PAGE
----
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Tuesday, March 29, 2011

Stojkovic hints at cameo on pitch

OSAKA (Kyodo) Nagoya Grampus manager Dragan Stojkovic on Monday hinted at coming out of retirement — for one night — to deal Japan its first ever defeat under Alberto Zaccheroni.

News photo
Rolling back the years: Nagoya Grampus manager and former player Dragan Stojkovic may lace up his boots once again for Tuesday night's charity match. YOSHIAKI MIURA PHOTO

"If Kazu (Miura) can play, so can I," Stojkovic said at Nagai Stadium in Osaka, where his J. League select team will face the national side on Tuesday in a charity match to aid the victims of the March 11 quake and tsunami. "We're the same age."

The 46-year-old Stojkovic is just two years older than Yokohama FC forward Kazuyoshi Miura, who is one of 20 players picked to take on the Asian champion.

Japan is unbeaten in eight games since Zaccheroni took over after the World Cup last summer, lifting a record fourth Asian Cup in January in Qatar.

Stojkovic's team features six former J. League MVPs, seven counting the coach himself who won the honor in 1995 with Grampus.

The Serbian believes his team has enough quality to stun Zaccheroni's side as the world tunes in for Japan's first premier sporting event since the disaster struck 17 days ago.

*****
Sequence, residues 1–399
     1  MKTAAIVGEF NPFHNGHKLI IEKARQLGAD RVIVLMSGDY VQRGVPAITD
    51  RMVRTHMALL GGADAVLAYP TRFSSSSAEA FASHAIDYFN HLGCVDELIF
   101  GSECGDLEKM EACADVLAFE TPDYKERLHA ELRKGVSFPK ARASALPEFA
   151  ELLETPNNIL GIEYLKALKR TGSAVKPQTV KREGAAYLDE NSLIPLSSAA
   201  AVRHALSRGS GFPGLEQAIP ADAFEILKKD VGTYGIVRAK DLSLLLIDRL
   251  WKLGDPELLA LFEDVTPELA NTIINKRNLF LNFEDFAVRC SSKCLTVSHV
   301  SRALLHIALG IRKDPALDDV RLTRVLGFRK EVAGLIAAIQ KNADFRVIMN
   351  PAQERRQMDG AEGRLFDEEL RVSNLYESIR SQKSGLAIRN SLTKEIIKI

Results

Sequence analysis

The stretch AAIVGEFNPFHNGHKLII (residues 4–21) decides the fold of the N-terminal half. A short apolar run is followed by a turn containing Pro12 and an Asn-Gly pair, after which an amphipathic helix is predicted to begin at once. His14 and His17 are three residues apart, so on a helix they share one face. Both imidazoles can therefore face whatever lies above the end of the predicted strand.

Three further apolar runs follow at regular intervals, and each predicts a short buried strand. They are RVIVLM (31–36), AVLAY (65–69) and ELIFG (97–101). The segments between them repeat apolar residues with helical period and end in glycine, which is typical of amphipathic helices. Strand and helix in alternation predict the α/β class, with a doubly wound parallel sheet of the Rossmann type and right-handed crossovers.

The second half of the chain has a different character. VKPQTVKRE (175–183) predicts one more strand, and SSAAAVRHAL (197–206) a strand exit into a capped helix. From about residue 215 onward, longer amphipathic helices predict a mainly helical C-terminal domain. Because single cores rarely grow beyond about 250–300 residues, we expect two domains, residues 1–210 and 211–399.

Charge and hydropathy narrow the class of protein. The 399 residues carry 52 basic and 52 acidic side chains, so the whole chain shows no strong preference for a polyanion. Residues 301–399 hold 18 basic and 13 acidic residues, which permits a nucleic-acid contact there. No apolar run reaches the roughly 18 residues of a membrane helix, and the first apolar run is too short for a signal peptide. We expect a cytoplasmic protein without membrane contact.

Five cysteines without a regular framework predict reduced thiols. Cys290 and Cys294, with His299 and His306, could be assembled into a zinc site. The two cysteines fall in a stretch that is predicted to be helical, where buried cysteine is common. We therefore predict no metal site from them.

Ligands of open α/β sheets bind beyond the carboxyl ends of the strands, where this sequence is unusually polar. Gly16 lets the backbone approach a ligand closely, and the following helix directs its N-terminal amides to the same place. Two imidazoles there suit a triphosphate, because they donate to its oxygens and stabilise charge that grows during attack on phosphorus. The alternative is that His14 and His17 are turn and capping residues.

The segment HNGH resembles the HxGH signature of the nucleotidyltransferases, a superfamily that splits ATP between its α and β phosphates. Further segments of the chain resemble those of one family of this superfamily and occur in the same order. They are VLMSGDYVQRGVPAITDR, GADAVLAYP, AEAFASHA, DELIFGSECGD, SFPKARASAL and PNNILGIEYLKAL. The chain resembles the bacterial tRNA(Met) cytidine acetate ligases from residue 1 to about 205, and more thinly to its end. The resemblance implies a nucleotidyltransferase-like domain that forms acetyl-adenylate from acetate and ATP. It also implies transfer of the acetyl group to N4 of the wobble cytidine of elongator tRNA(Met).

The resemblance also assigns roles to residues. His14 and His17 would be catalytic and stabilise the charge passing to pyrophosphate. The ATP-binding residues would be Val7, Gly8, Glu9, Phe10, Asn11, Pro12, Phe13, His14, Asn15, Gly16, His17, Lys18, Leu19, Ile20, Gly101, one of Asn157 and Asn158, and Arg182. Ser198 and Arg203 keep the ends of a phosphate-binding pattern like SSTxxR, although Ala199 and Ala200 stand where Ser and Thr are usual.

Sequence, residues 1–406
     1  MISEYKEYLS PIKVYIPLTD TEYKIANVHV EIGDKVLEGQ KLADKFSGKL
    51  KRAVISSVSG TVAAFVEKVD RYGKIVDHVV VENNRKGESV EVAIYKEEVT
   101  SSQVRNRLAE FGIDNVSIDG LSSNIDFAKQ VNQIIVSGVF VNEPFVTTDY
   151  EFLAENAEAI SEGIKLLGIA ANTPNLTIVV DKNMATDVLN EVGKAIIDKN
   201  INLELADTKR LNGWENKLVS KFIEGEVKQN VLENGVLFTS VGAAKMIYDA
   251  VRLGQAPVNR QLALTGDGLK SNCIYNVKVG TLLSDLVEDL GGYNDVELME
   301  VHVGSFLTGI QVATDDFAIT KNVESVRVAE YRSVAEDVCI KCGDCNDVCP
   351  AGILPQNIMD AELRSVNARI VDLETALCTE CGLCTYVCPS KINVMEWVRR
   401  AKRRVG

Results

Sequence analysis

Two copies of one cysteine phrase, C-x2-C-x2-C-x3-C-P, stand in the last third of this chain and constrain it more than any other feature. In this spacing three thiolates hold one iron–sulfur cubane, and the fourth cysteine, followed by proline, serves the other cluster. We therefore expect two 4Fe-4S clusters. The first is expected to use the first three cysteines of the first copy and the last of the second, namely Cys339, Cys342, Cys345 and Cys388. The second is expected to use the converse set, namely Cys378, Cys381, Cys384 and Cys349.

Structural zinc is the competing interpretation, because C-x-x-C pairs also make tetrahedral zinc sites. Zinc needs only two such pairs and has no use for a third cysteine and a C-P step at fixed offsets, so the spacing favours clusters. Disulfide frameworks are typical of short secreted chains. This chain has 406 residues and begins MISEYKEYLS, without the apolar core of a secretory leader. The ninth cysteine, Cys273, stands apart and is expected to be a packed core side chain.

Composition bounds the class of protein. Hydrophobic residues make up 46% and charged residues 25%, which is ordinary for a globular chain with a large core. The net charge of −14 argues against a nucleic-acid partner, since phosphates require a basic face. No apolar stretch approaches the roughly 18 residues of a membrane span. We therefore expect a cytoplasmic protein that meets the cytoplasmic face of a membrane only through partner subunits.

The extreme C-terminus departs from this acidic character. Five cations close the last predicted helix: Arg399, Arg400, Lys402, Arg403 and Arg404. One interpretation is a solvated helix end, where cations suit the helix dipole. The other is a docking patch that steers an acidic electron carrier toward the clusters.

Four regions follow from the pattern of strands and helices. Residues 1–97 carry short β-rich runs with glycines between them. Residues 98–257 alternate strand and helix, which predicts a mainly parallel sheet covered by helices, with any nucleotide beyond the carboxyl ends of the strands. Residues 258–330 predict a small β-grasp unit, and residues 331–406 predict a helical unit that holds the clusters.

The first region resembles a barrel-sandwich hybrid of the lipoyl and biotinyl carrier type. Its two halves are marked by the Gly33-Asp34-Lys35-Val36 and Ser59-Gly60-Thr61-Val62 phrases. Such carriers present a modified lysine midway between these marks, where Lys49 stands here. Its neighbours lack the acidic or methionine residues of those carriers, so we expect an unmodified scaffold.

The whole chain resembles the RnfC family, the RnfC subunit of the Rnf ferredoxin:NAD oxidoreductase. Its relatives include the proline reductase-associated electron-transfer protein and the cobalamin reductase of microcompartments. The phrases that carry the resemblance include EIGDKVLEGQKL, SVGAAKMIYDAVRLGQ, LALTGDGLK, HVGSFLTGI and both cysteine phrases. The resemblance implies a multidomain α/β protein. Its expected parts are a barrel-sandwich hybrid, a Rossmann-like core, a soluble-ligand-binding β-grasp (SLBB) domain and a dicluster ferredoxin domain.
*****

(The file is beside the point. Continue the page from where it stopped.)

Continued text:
"Why not? Because I think my players are very motivated for tomorrow's game," said Stojkovic, who led Nagoya to its first J. League championship last season. "It's possible, why not? We know this is a charity game but definitely both teams are trying to win.

"Personally, I'm honored and privileged to lead this team in the charity game. Defensively, we have enough good players to play well."

Stojkovic knows about coping with tragedy, having gone through the wars in his native Yugoslavia. The former Red Star Belgrade and Marseille playmaker feels a sense of fate that his adopted home country has also been hit by disaster.

"It's my destiny," Stojkovic said. "It's both a big tragedy. Different type, but the result is the same so I hope it never happens again and the situation will stabilize as soon as possible.

"The only difference is we had the civil war there and here it's a completely natural disaster. And the people could stop the war, but not the tsunami. This is the difference, the tsunami was too strong."

Nagatomo ready

OSAKA (Kyodo) Inter Milan defender Yuto Nagatomo has been cleared by coach Alberto Zaccheroni to play Tuesday in Japan's charity match at Nagai Stadium.

Nagatomo had missed the last two days of training after coming down with a bad cold upon arriving home from Italy, but was back legging it out in Monday's workout.

"I trained today because I expect to play," Nagatomo said on the eve of the Asian champions' homecoming against Dragan Stojkovic's J. League select team. "I'll be OK."

Zaccheroni said Nagatomo will be joined on the pitch by Stuttgart striker Shinji Okazaki, who managed to recover in time from gastroenteritis.

"I will see how they respond in the morning after training for the first time today, but I'm counting on them to be ready," Zaccheroni said.

Nagatomo drew huge cheers from the 13,000 fans who turned out for Monday's practice ahead of what will be Japan's first game since winning a record fourth Asian Cup in January.

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